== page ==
TRANSITIONING FROM THE ZEROES TO THE TEENS
In the 1990s I drew my early artwork listening to Nirvana and techno. Now in the late zeroes there is only reggaeton left. In this age of no creativity and obsessive repetition of oldies, in this decade of the zeroes that couldn't even secure a name for posterity, in this decade that was unable to add cultural value, music and art are hybernating in wait of better times.
It was comparatively easy for Michael Jackson to excel as he stood over the shoulders and creative background of previous artists of the 1960s and 1970s. Today's artists don't have tools available to recover the lost sociological ground, that is beyond our scope. Hopefully in the 2010s or 2020s someone new we don't know yet, through his or her success, will vindicate the silent effort of those of us who could at least produce some early 21st century mediocre work. But at least us, the mediocre artists of early 21st century, can be credited that we did not let art die in an age where the credibility of national politics in any country is dead.
There are plenty of technological content sharing devices but little content to share. Humanity has become too robotic, which increases the probability of someone pushing the famous red button. A global bored society is losing the perspective of its legacy. (Rubén Rivero Capriles - Caracas, December 20, 2009)
"You know what? You are right. The other day we were listening to 1980's music (classics) and were amazed on the difference... so many hits and now? It is hard to tell. I am glad that we enjoyed those good times and keep it in our minds and hearts. We try to pass that on to our kids... and have a good music collection of those good times. The red button issue is worrisome and scary. I hope we will react before it gets too late." Paula Asbun (from Bolivia/Texas)
"I fully share these thoughts. The number of human problems growing on synchronous to the development of science and technologies. Such statement is objective and for arts too." Alexander Lipsky (from Ukraine)
"I agree, Rubén. Perhaps we should get back to basics, to what makes us more human, without forgetting the good we can make and achieve during this post-modernity. After all, even though it is already overstated, it a correct use of resources is more important than resources themselves. We have emphasized the creation of countless media to produce new things. We must equally think about avoiding the loss of our human essence during this process of creation and development, how to continue being humanely technological instead of technologically human." Omar Rodríguez Álvarez." (from El Tigre, Venezuela)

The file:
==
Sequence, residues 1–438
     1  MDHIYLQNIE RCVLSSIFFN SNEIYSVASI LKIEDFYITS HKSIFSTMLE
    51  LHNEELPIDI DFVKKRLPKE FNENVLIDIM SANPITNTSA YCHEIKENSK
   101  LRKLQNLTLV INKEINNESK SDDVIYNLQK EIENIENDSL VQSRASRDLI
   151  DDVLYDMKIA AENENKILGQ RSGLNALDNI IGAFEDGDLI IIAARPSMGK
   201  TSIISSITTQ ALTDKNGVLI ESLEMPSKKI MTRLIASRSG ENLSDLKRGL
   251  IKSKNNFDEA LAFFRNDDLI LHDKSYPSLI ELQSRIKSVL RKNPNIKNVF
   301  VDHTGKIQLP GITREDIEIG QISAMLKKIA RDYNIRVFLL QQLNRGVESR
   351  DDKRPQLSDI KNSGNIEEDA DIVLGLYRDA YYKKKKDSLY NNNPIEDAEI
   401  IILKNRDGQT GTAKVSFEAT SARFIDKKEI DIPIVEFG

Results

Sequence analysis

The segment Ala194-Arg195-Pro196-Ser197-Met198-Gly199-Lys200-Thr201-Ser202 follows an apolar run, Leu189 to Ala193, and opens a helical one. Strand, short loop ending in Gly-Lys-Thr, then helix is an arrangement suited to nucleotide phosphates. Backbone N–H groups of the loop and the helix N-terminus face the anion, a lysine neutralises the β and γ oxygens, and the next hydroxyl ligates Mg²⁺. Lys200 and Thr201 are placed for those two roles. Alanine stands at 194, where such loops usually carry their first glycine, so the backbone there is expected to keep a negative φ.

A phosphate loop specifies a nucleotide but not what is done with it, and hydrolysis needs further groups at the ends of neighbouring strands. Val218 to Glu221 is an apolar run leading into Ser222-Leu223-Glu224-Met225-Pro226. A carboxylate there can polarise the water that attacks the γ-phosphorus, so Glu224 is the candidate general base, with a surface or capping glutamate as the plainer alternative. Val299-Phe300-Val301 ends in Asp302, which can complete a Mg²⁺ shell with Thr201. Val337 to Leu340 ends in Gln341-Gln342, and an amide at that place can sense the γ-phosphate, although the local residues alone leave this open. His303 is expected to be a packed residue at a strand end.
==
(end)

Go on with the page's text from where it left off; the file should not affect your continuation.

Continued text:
"The 20th century was an outpouring of creativity specifically because of a number of social and technological factors. Now, we in the 21st century are living in the fading echoes of this monumental upheaval. Historically, new music styles, such as jazz, blues, gospel etc. were the result of fusions of cultures - African slaves imported to America, making sense of the upheaval. Much of the later 20th century music was really theft and adaptation of those new sounds.
As a result of this, now music styles and themes have become largely set. Marketing execs for the media companies have learnt that brand and image is everything - hence artists' images and appearance are more important than their music. Rap is only "credible" if sung by people with criminal records, for example. It's very difficult for artists to buck a trend with really good music, such as Coldplay. Creativity is very often now in the hands of the audio mixers and backing composers, who make the music compelling. The Black Eyed Peas' latest offerings are very poor in actual talent, but rich in audio effects. Ever since Cher came out with that "Do you believe in life after love" song, digital distortion became vogue, but in reality bands were mangling their audio tracks since the 1970s.
It could be argued that other media is suffering from the same problems. TV is simply pepped-up cliches, and even video games are churning out reams of near-identical sequels such as Halo: ODST (making it the 4th Halo incarnation)." Troy Campbell (in Japan)
"Interesting comments Ruben, I must be the last person on earth to get an ipod (thanks Santa) and am looking forward to loading it with good music from today. Seems I dropped out of current music somewhere in my thirties. I take your comments as a challenge to see if anything good has been created since my records started gathering dust. hmm might have to call in my teenage relatives to help. Take care and God bless." Peter Bender (from Australia)